Czech train crash that left one dead, 35 injured apparently caused by human error

The engine driver allegedly at fault was the only victim of Tuesday night's collision, in which 35 passengers suffered injuries


Written by ČTK
Published on 15.07.2020 09:30 (updated on 15.07.2020)

Český Brod, Central Bohemia, July 15 (CTK) – The tragic collision of a passenger and freight train near Český Brod seems to be caused by human failure as the engine driver continued driving despite the red rail signal, Transport Minister Karel Havlíček told Czech Radio (CRo) today.

The engine driver is the only victim of the Tuesday night collision, in which 35 passengers suffered injuries, four of them serious.

More than 100 passengers were on the CityElefant train that left Prague at 21:00.

Havlíček told journalists during the night that the 40-year-old engine driver was experienced and not overworked as he was on holiday last week.

Český drahy railway operator’s board head Václav Nebeský confirmed that the engine driver was experienced. He said the man had driven trains for ten years.

Havlíček said it is investigated why the passenger train crashed into the freight train. The computer in the front part of the train was probably destroyed and information that would explain the crash might be found in the rear part of the train, he said.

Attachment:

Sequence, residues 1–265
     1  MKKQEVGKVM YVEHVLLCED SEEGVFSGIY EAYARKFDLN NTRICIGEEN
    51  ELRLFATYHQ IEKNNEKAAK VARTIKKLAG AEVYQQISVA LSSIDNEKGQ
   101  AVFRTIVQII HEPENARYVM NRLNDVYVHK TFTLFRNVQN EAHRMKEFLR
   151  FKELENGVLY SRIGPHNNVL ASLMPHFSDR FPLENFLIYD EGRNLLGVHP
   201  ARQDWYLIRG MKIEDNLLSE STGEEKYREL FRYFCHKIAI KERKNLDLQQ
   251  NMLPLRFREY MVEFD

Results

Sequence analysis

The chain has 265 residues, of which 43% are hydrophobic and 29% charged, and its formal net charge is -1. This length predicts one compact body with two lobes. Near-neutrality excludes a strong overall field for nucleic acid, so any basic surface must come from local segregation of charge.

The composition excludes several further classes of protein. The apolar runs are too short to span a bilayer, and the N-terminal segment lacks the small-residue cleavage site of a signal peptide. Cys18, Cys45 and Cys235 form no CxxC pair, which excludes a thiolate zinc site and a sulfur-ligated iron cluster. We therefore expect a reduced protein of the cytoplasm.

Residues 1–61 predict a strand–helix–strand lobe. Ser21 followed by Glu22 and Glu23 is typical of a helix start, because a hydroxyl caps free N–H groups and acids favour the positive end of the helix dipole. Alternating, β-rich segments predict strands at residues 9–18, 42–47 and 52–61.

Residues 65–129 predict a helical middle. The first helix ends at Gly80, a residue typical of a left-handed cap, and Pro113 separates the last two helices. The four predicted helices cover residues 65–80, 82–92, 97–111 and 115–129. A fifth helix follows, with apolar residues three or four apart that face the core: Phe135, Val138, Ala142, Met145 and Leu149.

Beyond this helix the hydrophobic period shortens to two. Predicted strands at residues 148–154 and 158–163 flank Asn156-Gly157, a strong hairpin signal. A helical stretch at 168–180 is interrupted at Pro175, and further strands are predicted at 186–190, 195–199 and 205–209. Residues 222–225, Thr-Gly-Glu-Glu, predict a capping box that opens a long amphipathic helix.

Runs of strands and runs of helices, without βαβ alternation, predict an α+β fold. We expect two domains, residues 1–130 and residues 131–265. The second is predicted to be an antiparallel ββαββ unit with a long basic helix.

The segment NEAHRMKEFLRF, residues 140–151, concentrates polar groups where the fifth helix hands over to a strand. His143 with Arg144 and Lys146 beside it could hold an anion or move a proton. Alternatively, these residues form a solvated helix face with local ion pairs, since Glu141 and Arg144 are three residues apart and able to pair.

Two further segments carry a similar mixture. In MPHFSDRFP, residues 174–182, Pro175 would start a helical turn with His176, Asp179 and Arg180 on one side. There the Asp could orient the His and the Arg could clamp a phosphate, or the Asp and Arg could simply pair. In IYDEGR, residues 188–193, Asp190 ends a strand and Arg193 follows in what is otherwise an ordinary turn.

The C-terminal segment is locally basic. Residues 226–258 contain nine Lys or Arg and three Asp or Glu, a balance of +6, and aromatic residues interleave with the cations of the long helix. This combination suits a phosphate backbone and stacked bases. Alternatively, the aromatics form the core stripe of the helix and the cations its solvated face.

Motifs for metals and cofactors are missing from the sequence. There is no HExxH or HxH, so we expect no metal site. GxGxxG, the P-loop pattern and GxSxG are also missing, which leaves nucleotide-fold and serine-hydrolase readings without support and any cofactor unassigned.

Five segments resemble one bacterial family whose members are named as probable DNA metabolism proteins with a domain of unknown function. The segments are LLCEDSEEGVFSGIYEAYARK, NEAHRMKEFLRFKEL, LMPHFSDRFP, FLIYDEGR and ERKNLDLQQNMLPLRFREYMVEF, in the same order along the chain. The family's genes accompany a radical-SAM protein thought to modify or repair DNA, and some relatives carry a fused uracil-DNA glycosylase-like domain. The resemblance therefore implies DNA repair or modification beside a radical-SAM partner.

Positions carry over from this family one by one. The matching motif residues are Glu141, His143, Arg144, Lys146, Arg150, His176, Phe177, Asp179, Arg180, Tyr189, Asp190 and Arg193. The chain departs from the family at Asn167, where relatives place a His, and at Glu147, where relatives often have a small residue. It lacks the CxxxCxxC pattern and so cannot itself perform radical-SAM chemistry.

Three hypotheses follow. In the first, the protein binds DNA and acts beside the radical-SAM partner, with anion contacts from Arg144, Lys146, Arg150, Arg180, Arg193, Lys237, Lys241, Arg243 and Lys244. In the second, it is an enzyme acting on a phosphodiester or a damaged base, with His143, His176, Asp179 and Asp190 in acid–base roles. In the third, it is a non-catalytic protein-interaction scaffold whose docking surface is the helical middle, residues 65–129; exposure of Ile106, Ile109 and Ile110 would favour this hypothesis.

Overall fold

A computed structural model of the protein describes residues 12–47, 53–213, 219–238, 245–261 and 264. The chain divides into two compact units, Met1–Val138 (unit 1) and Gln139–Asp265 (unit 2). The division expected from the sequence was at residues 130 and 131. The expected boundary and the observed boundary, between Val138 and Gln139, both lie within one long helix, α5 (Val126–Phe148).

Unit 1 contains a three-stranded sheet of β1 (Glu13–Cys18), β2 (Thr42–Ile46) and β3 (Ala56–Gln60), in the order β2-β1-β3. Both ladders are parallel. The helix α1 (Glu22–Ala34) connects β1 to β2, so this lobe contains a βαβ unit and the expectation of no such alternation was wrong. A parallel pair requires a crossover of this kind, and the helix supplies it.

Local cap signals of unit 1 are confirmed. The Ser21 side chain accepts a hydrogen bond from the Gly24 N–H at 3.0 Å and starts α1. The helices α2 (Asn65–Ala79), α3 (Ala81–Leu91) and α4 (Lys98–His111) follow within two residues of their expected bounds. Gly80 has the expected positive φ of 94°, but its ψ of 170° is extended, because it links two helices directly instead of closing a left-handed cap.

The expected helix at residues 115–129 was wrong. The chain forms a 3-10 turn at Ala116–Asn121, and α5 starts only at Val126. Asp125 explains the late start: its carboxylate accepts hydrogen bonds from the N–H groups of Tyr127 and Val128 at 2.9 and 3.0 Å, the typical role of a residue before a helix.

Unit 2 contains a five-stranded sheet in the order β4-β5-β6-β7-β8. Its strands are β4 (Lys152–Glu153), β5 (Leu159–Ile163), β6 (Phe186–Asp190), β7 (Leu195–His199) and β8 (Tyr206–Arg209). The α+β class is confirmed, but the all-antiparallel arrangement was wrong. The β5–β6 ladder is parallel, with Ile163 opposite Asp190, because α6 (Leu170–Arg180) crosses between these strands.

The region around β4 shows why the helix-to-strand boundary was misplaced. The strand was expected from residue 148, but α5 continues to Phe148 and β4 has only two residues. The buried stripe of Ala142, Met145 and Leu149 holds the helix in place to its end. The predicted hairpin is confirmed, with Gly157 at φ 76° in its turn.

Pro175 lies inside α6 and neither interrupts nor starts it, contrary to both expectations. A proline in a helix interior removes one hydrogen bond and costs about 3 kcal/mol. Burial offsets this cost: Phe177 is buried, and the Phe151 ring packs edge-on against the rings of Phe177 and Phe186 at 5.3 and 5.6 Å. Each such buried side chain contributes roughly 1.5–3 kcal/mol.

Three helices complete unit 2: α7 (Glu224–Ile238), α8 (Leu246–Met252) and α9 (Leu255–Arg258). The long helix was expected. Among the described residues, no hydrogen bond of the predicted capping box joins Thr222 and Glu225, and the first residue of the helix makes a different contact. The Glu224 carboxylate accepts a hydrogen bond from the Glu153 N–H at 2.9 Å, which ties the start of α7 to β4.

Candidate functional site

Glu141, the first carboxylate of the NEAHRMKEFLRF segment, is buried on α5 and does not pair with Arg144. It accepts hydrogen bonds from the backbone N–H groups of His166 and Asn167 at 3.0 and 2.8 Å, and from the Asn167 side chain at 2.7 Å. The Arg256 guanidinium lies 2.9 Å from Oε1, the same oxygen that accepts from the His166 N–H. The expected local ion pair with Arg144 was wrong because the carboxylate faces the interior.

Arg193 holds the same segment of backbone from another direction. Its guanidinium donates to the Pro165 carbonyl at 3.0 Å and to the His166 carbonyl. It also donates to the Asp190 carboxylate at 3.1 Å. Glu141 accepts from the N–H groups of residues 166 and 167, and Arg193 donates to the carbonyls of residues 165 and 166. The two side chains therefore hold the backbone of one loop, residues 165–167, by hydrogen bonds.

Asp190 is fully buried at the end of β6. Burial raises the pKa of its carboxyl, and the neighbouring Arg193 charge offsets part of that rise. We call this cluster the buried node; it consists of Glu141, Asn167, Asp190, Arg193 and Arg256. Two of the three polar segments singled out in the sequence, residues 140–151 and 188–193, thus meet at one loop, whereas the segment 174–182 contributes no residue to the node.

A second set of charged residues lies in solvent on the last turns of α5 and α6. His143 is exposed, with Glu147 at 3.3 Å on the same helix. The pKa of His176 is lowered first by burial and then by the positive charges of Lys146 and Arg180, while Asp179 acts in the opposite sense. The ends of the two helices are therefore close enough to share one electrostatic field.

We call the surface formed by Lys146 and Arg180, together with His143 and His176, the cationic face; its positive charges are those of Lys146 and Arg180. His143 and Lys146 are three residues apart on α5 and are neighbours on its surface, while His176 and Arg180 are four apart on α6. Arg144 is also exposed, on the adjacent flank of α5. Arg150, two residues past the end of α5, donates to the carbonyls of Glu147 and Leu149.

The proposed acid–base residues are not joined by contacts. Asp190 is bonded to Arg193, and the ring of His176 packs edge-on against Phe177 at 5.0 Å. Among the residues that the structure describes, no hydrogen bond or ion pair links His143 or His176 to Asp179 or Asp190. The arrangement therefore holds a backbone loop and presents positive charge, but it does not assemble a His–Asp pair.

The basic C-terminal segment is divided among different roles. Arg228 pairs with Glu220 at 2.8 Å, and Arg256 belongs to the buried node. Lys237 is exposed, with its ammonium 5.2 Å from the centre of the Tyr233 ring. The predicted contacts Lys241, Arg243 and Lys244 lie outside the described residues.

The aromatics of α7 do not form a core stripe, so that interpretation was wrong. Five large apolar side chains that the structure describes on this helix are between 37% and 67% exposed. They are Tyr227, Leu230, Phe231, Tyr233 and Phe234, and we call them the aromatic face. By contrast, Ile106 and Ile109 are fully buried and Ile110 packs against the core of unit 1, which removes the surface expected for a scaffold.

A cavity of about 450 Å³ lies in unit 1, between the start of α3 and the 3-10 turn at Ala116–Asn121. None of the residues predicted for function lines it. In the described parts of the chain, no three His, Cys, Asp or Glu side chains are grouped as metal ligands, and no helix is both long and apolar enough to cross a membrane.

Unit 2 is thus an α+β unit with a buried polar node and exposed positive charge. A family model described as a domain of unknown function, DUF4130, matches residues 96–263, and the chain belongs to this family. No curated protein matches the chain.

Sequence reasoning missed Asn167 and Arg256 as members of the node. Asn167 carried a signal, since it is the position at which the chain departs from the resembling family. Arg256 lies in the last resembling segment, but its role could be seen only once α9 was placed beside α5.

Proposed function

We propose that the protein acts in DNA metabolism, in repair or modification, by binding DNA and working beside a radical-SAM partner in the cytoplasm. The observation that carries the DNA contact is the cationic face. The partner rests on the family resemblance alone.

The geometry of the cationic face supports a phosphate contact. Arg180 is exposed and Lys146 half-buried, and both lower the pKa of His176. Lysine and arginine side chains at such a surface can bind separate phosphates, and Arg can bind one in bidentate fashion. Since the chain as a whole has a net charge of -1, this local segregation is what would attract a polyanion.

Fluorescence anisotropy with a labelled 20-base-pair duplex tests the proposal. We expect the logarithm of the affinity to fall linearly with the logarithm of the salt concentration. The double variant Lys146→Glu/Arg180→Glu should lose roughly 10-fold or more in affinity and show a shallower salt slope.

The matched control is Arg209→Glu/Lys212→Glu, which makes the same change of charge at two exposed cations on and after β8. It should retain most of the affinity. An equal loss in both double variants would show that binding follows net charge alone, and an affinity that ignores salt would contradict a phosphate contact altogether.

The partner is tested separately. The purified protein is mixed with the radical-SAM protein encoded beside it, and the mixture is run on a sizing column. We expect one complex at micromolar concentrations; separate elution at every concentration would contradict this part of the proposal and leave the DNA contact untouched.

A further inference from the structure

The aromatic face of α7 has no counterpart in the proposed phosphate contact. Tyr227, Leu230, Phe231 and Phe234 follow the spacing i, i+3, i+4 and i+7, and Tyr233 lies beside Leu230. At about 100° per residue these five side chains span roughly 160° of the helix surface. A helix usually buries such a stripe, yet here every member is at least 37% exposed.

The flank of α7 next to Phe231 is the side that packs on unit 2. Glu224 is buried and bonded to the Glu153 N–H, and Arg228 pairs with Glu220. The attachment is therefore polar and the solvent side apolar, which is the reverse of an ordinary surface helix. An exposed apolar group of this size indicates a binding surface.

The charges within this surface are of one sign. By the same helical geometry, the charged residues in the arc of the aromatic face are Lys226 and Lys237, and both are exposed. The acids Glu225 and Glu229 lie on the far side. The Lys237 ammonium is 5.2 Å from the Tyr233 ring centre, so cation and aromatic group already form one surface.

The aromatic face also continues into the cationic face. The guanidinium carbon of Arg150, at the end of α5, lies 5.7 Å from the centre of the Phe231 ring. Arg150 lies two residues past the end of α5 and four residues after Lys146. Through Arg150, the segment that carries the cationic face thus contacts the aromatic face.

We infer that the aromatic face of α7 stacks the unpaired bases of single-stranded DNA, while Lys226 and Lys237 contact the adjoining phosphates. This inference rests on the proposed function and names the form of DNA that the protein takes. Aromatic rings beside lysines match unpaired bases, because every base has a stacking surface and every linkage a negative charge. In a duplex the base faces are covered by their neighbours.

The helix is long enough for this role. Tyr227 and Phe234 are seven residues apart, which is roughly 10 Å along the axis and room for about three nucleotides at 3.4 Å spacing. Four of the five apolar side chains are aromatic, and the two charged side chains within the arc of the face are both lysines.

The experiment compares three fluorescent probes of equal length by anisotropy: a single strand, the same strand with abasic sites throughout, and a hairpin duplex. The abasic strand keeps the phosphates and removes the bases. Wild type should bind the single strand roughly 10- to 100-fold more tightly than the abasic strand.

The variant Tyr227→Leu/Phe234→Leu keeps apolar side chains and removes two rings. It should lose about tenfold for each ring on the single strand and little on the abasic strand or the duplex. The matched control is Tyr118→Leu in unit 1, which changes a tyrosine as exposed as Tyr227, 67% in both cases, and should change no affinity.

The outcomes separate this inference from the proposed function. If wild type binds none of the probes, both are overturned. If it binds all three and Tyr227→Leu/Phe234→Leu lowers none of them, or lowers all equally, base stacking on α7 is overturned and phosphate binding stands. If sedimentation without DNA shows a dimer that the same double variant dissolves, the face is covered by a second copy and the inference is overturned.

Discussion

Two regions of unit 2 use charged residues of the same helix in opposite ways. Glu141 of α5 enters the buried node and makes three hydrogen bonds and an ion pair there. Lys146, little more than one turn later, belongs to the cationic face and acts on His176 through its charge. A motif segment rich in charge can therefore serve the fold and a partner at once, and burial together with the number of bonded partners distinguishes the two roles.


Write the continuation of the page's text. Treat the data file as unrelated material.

He said the system on this railway is one of the safest in the country. There is a vigilance button that the engine driver must press every 10 to 20 seconds. If the train passes a red signal, a signalling sound is heard and the train stops, but it can start moving again.

Havlíček said it is unclear why the trains collided and why the train probably started to move again. He said the health condition of the driver at the moment might have been the reason of the crash.

Train traffic on the railway started this late morning again, but it is still limited and some trains use a different railway to move between Kolin and Prague, railway administration spokesman Marek Illias told CTK.

The railway inspection authority estimated the damage caused by the collision at 45 million crowns.

Firefighters managed to separate the two trains. The first attempt to do so with two locomotives failed this early morning and so two more locomotives arrived at the place and the second attempt was successful, Central Bohemian firefighters spokesman Petr Svoboda said.